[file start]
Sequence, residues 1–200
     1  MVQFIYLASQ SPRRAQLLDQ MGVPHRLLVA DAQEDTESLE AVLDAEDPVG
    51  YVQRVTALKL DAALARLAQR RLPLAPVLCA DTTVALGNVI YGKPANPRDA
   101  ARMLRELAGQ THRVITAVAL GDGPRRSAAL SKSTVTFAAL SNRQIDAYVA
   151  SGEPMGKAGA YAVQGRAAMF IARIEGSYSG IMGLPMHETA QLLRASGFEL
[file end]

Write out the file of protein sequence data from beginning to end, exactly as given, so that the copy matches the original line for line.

Sequence, residues 1–200
     1  MVQFIYLASQ SPRRAQLLDQ MGVPHRLLVA DAQEDTESLE AVLDAEDPVG
    51  YVQRVTALKL DAALARLAQR RLPLAPVLCA DTTVALGNVI YGKPANPRDA
   101  ARMLRELAGQ THRVITAVAL GDGPRRSAAL SKSTVTFAAL SNRQIDAYVA
   151  SGEPMGKAGA YAVQGRAAMF IARIEGSYSG IMGLPMHETA QLLRASGFEL